Nuclear plant cyber security - they still don't get it

There is still an "us" (nuclear) vs "them" (non-nuclear) approach being taken by the nuclear industry with respect to working with the non-nuclear community on control system cyber security. Specifically, the December issue of Nuclear News references a nuclear plant instrumentation and control system meeting specifically on cyber security that was held in Idaho Falls in October 2006. This meeting was the same week as the ISA Expo2006 in Houston. The nuclear community should recognize the non-nuclear community has significantly more experience with the same systems which is why the timing of the Idaho meeting was so unfortunate. However, the same issue occurred this summer with the ISA Power Industry Symposium in Pittsburgh holding a cyber security track and a nuclear power cyber security meeting in Washington the same day. I see no common meetings (combined nuclear and non-nuclear) other than my annual Control System Cyber Workshop. Additionally, there is currently no nuclear participation in the ISA S99 Process Control Cyber Security standards committee which I find inexcusable.

  In the Nuclear News article, there was a reference to IAEA nuclear security technical guidance document. Section 1.3 of the document, "Computer Security at Nuclear Facilities" states: "The protection of the computer systems at nuclear facilities can, in principle, be achieved using the same methods and tools that have been developed within the computer community"¦".  This statement is at best misleading. Control systems are composed of an HMI that may be Windows-based and field devices that are not. Traditional business IT security can be applied to the Windows-based HMI. However, for field devices, business IT security (policies, procedures, technologies, and testing) is NOT appropriate. It is not clear what caused the broadcast storm at Browns Ferry 3. However, a very credible cause could be inappropriate business IT testing (scanning of control system networks). There are numerous cases where inappropriate business IT security approaches have significantly impacted control system performance. 

In the November issue of Power, there are two articles on nuclear plant networks- "Plantwide Data Networks Leverage Digital Technology to the Max" and "Upgrade your BWR Recirc Pumps with Adjustable Speed Drives". Both tout the value of advanced communication networks and neither addresses the cyber security vulnerabilities they open. In the first, it is suggested that the plantwide data network (PDN) include process control (DCS, PLCs, etc) and plant communications (public address, radios, cell phones, pagers, etc). It is also suggested that process monitoring, operator support, plant security (physical), and supplemental monitoring/testing be included. These are all good ideas (ironically, 10-15 years ago before cyber security was an issue, I was writing papers and sponsoring research at EPRI encouraging this approach), but they need to include cyber security considerations in which the article is essentially silent. The second article on BWR recirculation pumps going to variable speed drives seems to ignore the Browns Ferry 3 broadcast storm experience. Variable speed drives are definitely the way to go and networking the drives are a good idea, but "¦.you still need to address the cyber component you just opened.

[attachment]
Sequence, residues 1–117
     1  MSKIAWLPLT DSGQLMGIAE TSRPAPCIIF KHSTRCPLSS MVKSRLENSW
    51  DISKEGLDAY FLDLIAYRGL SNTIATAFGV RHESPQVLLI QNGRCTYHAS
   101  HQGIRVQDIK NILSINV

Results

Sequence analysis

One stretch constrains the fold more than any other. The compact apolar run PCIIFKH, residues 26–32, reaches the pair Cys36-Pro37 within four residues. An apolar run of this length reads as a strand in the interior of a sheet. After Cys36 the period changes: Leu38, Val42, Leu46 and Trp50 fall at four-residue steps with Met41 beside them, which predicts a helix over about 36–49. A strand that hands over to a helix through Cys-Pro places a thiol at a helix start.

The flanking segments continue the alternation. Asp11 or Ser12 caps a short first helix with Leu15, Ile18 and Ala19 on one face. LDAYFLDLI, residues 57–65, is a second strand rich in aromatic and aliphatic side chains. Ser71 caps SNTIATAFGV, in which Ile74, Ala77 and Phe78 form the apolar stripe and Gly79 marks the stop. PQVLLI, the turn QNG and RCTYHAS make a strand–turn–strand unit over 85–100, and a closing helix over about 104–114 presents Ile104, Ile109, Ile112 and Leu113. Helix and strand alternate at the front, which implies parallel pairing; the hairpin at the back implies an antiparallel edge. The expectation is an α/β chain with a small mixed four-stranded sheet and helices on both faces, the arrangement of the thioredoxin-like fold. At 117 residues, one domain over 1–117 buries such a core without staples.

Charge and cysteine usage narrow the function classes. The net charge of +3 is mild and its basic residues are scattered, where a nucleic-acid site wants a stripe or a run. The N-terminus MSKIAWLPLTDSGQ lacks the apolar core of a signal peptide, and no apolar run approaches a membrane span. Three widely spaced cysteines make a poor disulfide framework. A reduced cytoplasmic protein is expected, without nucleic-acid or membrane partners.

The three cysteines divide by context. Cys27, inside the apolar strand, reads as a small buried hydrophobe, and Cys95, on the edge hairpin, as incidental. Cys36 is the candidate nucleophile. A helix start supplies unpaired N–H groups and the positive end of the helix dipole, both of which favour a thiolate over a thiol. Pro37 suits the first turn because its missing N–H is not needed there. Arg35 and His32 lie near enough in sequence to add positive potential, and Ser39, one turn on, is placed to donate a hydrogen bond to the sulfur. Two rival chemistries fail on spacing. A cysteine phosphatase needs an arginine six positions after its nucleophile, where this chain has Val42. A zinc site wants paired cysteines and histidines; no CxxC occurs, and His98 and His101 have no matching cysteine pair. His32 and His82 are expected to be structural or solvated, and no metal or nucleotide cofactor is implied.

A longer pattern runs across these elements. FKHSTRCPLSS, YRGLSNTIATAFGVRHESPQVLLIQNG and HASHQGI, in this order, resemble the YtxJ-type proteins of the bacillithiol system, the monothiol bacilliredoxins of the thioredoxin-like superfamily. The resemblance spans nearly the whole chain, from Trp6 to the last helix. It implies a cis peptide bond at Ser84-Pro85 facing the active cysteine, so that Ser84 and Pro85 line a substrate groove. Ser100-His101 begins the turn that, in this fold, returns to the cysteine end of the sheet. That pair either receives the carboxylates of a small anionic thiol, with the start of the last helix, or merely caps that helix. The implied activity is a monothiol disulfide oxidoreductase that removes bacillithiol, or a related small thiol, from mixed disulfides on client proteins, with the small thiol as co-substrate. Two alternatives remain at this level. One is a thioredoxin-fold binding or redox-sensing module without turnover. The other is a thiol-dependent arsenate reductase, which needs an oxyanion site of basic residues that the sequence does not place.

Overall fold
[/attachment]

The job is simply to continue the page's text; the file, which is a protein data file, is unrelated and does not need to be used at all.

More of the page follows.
Joe Weiss

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Comments

  • Hi Joe, Happy New Year.

    I have been reviewing the proposed reference material for the Critical Infrastructure and Control Systems Security Curriculum, DRAFT Version 1.0.

    I don't know if you have read the above document. I would love to hear what your thoughts are on the course outline at some stage.

    That aside for now, the material referenced a heap of public (web) material including the Three Mile Island Incident final report. I am certain that you would have read this at least once or twice before.

    I think some of the cultural issues you have raised in this blog posting can be seen evident in the report material and worthy of a re-read from that. A self assessment to see what lessons have or have not been learned that were highlighted by the report would also be an interesting score sheet I suspect.

    The "Need to Know" ethos is very much part of the culture and understandingly so. Still, as you say there are common frames of reference within control systems regardless of the process that can benefit from sharing between verticals and lessons that can and should be learned from reading any incident synopsis.

    Out in the open, there are always going to be issues with discussions in sensitive to national and global or even local interest process control systems and this too may be part of the reluctance or resistance you are coming across?

    I struggle with every word I type to try and discuss what we can without creating a disadvantage for “my team� and to convey my meaning, perhaps this is also behind the issue of uptake as well.

    I am surprised that the final report findings have not been released for Browns Ferry3 as I thought these were due to be available before Christmas? Hopefully there will be some lessons learned for those of us that are enlightened enough to listen.

    All the best for the coming year ahead. I have a steep hill to climb myself trying to change the culture in the water industry, locally where things are much more amenable to open discussions. This is still I fear going to result in a lot of effort to bring about lasting change but worth it in the long run.

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